A View from Here

Bill's Sisson's weekly Trade Only blog

Recreational boating is big business

During these difficult economic times it’s easy to focus on the negatives rather than the positives.  Though total industry sales of products and services was down 5 percent in 2007, we estimate the industry sold $37.5 billion of boating products and services last year. 

Recreational boating is a major U.S. industry. The vast majority of that product and those services were made and delivered by U.S. workers in the thousands of small businesses that make up our industry.

Why is this important? 

Nearly 19,000 boating businesses in the U.S. directly employ more than 154,000 employees in the U.S.  When we factor in indirect spending by boaters (trip spending) the economic significance of recreational boating exceeds $100 billion and the employment of over 337,000 people in the U.S.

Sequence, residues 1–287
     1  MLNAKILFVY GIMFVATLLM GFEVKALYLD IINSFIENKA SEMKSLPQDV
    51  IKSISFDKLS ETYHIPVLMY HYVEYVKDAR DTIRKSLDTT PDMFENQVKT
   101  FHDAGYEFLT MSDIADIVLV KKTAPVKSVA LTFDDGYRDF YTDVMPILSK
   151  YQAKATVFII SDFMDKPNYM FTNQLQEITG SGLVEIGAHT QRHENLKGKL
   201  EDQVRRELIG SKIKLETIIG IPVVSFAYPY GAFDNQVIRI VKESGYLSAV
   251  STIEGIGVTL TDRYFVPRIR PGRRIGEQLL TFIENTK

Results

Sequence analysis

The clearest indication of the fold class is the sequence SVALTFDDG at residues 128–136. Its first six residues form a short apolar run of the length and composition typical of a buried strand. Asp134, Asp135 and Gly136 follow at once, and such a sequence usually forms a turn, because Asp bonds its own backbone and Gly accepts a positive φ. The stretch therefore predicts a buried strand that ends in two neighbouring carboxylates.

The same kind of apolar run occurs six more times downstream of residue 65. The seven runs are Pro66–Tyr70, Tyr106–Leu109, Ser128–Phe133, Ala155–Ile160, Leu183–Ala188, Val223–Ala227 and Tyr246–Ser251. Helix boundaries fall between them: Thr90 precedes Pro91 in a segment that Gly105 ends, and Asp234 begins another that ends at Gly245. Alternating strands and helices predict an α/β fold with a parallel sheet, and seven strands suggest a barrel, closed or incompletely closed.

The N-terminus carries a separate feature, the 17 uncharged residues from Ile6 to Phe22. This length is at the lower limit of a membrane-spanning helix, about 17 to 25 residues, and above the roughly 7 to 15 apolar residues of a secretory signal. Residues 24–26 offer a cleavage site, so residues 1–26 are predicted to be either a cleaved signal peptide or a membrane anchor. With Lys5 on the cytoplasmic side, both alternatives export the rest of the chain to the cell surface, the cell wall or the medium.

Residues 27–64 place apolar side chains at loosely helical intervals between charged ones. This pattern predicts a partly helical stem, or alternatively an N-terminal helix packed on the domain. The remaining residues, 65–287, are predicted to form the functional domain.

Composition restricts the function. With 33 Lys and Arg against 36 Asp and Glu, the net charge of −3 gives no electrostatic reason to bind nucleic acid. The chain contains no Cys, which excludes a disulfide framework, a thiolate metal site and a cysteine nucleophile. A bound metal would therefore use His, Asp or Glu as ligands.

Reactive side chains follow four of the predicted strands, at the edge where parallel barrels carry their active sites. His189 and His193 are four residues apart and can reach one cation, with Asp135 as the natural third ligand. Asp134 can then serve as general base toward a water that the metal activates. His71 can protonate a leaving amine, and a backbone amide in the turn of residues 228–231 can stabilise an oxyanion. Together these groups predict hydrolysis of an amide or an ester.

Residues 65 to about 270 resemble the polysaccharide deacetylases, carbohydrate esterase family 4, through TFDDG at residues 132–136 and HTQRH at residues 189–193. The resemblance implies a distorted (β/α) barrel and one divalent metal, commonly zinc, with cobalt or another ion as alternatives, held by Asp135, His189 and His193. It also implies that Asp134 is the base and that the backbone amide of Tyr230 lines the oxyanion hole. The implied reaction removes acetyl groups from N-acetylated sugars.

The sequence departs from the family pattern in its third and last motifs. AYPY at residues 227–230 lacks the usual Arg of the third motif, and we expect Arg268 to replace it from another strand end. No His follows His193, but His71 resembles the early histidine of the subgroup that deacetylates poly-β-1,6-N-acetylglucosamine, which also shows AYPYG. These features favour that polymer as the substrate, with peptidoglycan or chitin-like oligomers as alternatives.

Nationally, most boat segments saw declines in unit sales.  The exceptions were jet boats and inflatable boats which grew 10 percent and 17 percent respectively.

The average price of a new outboard boat, motor and trailer increased 7 percent over 2006 to $29,398.  

Boating is a solidly middle class lifestyle.  Nearly 75 percent of current boat owners have an average household income of less than $100,000. And, 95 percent of registered mechanically propelled boats are less than 26 feet in length.  Outboard boats are the most popular, making up nearly two-thirds of all registered boats.

While nearly one in ten U.S. households owns a boat, there remains significant opportunity.  There are more than 18 million U.S. households that don’t own a boat and that fit the profile of first time boat owners.  Russell Research reports that the Discover Boating campaign moved six percent of our target audience from not interested in boating, to interested in boating. By interested we mean having plans to buy a boat.  

To move someone from no interest in boat ownership to interested, to consideration, to shopping and then to purchase—it can take three or more years.